First off I’ll say that I can find something to be disagreeable with in terms of content from both the Oil Spill Commission and the local reaction to it. My main point of contention with the commission itself is philosophical in that outlier events like the Deepwater Horizon blowout are inevitable statistically. The problem is one of degree of inevitability and in the case of the US captured regulatory model and its one size fits all cookie cutter approach I would argue the conclusions of the Oil Spill Commission are spot on when it comes to their endorsement of British style risk based safety regulation. I think the proof it works was in a statement I heard this morning on Mississippi Edition where a member of the Oil Spill Commission observed how much more likely a US based oil worker is to die in an accident than his British or Norwegian counterpart.
Along those lines the difference in how the parts of the report focused on safety are being conveyed kinda shows how the locals in Louisiana are being sold out by those with more than a pa$$ing interest in keeping the status quo. Mississippi Edition runs a day behind so I have no link for this morning’s interview. Here are some links on the topic.
- Keep focus on BP and whitewash the rest, a guest column in the Daily Oil.
- Sold out politicians tote water for big oil.
- Politics and implementing the recommendations. (Only in America would a debate about allowing a for profit business to skate the consequences of its actions be seen as anywhere approaching rational.)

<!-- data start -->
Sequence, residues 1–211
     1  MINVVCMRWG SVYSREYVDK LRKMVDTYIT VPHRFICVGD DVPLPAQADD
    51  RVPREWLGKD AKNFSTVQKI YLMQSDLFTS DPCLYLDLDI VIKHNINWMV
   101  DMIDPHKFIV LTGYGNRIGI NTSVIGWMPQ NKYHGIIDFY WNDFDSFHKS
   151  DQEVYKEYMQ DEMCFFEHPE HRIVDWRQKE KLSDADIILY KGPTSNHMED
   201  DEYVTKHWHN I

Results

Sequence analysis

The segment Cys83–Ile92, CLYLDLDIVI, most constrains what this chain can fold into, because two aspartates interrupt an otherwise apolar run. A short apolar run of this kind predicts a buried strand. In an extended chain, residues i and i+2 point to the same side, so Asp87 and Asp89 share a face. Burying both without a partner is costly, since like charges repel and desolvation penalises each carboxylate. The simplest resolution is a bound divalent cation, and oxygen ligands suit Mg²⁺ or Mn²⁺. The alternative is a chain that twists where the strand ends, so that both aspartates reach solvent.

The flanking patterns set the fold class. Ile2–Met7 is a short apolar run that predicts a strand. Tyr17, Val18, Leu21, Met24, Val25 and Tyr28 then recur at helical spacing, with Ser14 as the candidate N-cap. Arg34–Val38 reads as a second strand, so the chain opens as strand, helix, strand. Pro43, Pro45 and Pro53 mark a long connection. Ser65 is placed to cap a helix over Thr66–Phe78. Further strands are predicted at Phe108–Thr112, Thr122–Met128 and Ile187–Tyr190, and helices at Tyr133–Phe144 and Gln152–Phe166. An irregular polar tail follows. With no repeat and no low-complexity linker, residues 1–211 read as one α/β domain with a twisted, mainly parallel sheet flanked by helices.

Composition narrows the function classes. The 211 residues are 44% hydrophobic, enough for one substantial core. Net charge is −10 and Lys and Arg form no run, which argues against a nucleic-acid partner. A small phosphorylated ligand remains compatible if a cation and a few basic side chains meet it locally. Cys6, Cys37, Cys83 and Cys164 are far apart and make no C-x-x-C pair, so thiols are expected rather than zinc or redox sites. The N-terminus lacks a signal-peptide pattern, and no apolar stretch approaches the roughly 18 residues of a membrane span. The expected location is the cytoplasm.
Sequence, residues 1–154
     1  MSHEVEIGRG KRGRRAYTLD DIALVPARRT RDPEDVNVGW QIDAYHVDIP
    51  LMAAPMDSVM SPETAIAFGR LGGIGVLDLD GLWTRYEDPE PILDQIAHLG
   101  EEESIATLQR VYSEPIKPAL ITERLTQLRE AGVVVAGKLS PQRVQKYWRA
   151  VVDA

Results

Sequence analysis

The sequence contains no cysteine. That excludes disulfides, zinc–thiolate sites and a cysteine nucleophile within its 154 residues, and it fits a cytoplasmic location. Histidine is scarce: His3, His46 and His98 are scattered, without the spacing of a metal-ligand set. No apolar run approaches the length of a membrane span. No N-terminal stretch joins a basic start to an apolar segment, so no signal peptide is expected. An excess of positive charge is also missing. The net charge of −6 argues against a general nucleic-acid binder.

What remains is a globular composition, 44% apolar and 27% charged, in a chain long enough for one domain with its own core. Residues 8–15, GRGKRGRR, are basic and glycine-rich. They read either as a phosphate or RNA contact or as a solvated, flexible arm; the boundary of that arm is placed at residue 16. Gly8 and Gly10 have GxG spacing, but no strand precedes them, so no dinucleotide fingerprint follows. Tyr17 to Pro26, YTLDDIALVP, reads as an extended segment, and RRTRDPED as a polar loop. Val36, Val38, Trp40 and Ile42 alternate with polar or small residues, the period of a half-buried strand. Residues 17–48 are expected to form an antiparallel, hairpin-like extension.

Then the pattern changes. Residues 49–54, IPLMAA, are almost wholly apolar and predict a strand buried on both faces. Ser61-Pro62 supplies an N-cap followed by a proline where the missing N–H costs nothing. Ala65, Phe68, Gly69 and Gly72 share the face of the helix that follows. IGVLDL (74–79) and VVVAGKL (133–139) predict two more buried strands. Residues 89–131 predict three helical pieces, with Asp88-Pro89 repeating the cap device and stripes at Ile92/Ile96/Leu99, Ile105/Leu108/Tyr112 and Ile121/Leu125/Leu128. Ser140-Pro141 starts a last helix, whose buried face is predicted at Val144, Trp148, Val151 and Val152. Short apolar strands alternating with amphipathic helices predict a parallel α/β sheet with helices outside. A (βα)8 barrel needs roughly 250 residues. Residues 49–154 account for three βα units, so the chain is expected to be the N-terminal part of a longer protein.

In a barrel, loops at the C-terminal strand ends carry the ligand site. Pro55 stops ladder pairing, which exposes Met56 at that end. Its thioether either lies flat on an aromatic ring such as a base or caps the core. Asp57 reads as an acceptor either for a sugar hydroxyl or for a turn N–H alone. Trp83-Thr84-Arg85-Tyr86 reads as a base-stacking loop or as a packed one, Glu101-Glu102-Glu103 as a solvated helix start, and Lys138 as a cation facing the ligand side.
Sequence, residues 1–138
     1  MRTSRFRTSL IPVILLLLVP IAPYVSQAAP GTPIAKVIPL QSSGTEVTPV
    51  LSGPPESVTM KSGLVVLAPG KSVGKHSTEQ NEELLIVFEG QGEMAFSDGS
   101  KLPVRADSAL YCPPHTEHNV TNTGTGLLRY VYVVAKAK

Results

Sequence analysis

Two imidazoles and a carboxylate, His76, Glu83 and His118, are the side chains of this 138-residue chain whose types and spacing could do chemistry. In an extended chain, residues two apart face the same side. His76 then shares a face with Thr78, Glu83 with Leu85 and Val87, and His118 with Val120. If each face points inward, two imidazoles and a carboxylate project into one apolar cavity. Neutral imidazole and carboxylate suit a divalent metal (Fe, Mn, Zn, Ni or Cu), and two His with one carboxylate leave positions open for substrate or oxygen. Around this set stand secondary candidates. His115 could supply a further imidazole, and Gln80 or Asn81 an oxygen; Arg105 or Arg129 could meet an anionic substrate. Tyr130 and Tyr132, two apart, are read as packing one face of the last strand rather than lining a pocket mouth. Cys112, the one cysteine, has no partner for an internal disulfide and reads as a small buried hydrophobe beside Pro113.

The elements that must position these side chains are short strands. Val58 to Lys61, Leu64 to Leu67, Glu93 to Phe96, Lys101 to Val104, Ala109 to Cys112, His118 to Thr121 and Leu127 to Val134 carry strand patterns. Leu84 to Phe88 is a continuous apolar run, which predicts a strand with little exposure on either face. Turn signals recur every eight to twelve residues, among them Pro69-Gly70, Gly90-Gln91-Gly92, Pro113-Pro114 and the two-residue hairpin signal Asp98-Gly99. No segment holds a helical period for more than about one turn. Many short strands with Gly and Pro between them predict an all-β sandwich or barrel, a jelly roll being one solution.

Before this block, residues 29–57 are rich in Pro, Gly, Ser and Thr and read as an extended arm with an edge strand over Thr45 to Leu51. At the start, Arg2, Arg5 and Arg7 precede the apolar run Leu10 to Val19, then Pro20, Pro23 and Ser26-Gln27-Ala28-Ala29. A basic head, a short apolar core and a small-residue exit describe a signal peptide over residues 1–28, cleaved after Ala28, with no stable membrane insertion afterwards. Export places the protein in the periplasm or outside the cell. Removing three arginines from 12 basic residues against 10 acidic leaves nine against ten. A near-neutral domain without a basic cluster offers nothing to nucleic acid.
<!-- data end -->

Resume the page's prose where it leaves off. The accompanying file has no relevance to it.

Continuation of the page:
- From the outside where one often must go to shed local media bias: BP Gulf oil spill final report backs British safety model. (evidently BP cuts corners only in places like the US where corner cutting is allowed.)
- Another view from a small US paper not dicked up with oil interests.
The topic of risk and how to manage it is one that I am intimately familiar, both as a small businessman and financial blogger. When you strip away the money driven bullshit, the concepts in play here well survive the test of time. Speaking of time, it is a scare commodity so it only makes sense that shallow water wells receive less scrutiny than those that test the limits of our current technology. Managing safety is all about the management of risks. To the extent each well is unique so must the approach to how the risks associated with such well be managed. Such thinking I generally term as common sense, but then again no one said the politization of this topic is such. That naturally makes me wonder why that political angle gets so much the airplay.
I’d love to hear what some of the risk managers that read us think about this topic.